Entomophiliac, Anna McDonald (Principal Customer Success Technical Architect, Confluent) has seen her fair share of Apache Kafka® bugs. For her annual holiday roundup of the most noteworthy Kafka bugs, Anna tells Kris Jenkins about some of the scariest, most surprising, and most enlightening corner cases that make you ask, “Ah, so that’s how it really works?”
She shares a lot of interesting details about how batching works, the replication protocol, how Kafka’s networking stack dances with Linux’s one, and which is the most important Scala class to read, if you’re only going to read one.
In particular, Anna gives Kris details about a bug that he’s been thinking about lately – sticky partitioner (KAFKA-10888). When a Kafka producer sends several records to the same partition at around the same time, the partition can get overloaded. As a result, if too many records get processed at once, they can get stuck causing an unbalanced workload. Anna goes on to explain that the fix required keeping track of the number of offsets/messages written to each partition, and then batching to force more balanced distributions.
She found another bug that occurs when Kafka server triggers TCP Congestion Control in some conditions (KAFKA-9648). Anna explains that when Kafka server restarts and then executes the preferred replica leader, lots of replica leaders trigger cluster metadata updates. Then, all clients establish a server connection at the same time that lots TCP requests are waiting in the TCP sync queue.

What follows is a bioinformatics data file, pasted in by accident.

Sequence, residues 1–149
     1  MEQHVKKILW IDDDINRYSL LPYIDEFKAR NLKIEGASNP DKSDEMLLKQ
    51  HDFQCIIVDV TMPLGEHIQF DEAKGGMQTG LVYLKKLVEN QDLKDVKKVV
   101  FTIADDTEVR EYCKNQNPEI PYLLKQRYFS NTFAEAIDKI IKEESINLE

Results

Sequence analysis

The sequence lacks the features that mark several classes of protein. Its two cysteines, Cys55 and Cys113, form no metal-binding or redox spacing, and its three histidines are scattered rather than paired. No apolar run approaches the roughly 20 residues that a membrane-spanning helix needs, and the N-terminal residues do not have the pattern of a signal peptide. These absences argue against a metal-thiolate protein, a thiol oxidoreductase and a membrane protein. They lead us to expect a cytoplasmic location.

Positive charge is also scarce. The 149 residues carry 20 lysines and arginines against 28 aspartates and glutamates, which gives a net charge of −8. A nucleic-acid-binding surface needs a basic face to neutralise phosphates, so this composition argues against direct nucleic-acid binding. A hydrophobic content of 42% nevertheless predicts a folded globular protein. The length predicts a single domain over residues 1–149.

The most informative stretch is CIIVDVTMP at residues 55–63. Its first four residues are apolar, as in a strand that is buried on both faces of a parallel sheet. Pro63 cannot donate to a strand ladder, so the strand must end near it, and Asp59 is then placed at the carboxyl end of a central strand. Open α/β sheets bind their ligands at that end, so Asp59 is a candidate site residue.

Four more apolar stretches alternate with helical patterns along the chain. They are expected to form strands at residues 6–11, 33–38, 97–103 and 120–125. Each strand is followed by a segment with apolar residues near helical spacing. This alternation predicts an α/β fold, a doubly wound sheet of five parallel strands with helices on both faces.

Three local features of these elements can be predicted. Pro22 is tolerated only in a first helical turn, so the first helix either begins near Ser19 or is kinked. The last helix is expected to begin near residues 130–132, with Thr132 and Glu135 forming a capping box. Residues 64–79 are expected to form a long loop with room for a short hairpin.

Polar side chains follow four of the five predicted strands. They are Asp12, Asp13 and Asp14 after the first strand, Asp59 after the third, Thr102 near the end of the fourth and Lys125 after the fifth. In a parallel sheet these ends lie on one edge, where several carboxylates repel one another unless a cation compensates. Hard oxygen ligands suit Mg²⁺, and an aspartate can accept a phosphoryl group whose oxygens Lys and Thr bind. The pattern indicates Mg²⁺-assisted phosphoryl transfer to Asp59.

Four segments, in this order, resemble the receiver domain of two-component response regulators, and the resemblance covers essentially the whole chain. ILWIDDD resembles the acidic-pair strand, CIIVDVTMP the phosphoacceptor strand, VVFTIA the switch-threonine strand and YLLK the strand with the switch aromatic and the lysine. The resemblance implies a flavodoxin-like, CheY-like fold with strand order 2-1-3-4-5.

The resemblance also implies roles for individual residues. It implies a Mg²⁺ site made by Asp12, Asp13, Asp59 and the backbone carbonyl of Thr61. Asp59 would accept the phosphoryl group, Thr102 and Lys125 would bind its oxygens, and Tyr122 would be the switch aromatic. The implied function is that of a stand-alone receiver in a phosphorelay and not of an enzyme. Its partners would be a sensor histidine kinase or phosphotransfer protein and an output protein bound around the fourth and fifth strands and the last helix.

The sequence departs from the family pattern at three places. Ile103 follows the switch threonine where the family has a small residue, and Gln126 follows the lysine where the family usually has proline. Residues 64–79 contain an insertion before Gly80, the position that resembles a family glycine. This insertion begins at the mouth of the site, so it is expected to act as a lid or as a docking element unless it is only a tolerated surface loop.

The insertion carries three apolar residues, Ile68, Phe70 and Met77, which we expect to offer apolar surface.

The third bug she talks about (KAFKA-9211), may cause TCP delays after upgrading…. Oh, that’s a nasty one. She goes on to tell Kris about a rare bug (KAFKA-12686) in Partition.scala where there’s a race condition between the handling of an AlterIsrResponse and a LeaderAndIsrRequest. This rare scenario involves the delay of AlterIsrResponse when lots of ISR and leadership changes occur due to broker restarts.
Bugs five (KAFKA-12964) and six (KAFKA-14334) are no better, but you’ll have to plug in your headphones and listen in to explore the ghoulish adventures of Anna McDonald as she gives a nightmarish peek into her world of JIRA bugs. It’s just what you might need this holiday season!